Companies are beginning to realize this mistake and are changing things up. Google (I think it was them) designed their offices with food, bathrooms and the like all in the center, like a town center, with offices around the edges. It is designed for casual meetings where ideas everyone figured out in their quiet offices are shared and expanded.

Introverts are a third to half of the population. Many of these don’t even know they are introverted, because of the push to be extroverted has made them fool themselves into thinking they were extroverts.

Another interesting thing I learned from this book is that extroverts are motivated by rewards. They work toward things, and take risks if need be to get to the goal of getting that reward. Extroverts are soooo happy when they get the reward.

Introverts are motivated by fear. So they do things more cautiously, careful not to mess things up in the process of getting to a goal. That sounds like me. It’s doesn't sound cool that I am afraid to F things up, but I am.

This book is interesting, whether you are an I or an E. Because if you’re not an introvert, odds are you know and love one.

Also posted on Goodreads.

Madness, I Say!

The Female Malady:  Women, Madness, and English Culture, 1830-1980

Elaine Showalter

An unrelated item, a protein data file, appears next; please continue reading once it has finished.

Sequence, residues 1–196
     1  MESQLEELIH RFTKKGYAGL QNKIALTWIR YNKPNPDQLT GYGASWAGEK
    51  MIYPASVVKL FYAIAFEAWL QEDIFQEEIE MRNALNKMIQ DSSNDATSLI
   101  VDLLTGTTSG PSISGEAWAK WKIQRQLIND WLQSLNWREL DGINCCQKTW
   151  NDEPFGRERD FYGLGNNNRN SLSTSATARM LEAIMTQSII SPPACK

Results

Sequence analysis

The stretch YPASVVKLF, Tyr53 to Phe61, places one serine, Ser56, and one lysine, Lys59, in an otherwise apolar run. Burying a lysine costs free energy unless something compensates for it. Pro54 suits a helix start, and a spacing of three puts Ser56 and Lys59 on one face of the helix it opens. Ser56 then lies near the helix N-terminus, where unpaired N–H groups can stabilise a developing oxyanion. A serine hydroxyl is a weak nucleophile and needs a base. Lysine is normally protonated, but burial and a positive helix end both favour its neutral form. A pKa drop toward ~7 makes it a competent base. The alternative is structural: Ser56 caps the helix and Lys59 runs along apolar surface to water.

Penguin Books
Reviewed by: Nancy
5 out of 5 stars


In this informative, timely and often harrowing study, Elaine Showalter demonstrates how cultural ideas about 'proper' feminine behaviour have shaped the definition and treatment of female insanity for 150 years, and given mental disorder in women specifically sexual connotations. Along with vivid portraits of the men who dominated psychiatry, and descriptions of the therapeutic practices that were used to bring women 'to their senses', she draws on diaries and narratives by inmates, and fiction from Mary Wollstonecraft to Doris Lessing, to supply a cultural perspective usually missing from studies of mental illness.

My Review

Elaine Showalter’s The Female Malady: Women, Madness and English Culture 1830-1980 is a very informative, very accessible, and very disturbing look at how “insanity” was treated from 1830 to 1980.  It examines cultural expectations about how women should behave and how these male perceptions affected the diagnosis and treatment of women’s mental health problems.  

I read this book from cover to cover and would have been very happy if it were a school text.  One of the things I liked most about the book was its personal approach, using the perspectives of female "inmates" themselves, and fiction excerpts from a variety of authors, such as Charlotte Perkins Gilman, Sylvia Plath, Charlotte Bronte, Doris Lessing, and others to highlight women's mental health issues and experiences with doctors and provide an insight into the culture and period. 

There was also a section on men who suffered "shell shock" during WWI, the treatment they received, the similarities between "hysterical" men and women, and the modernization of psychiatry.

I highly recommend this book for those interested in mental health, history, and the effects of power and gender imbalance in the mental health care profession and in society.
Also posted at Goodreads.